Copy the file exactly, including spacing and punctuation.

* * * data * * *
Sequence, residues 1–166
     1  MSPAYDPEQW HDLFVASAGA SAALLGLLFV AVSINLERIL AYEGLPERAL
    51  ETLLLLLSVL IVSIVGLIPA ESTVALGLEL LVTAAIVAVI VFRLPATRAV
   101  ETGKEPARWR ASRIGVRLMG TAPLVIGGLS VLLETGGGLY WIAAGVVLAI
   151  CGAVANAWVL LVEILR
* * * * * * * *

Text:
Sequence, residues 1–166
     1  MSPAYDPEQW HDLFVASAGA SAALLGLLFV AVSINLERIL AYEGLPERAL
    51  ETLLLLLSVL IVSIVGLIPA ESTVALGLEL LVTAAIVAVI VFRLPATRAV
   101  ETGKEPARWR ASRIGVRLMG TAPLVIGGLS VLLETGGGLY WIAAGVVLAI
   151  CGAVANAWVL LVEILR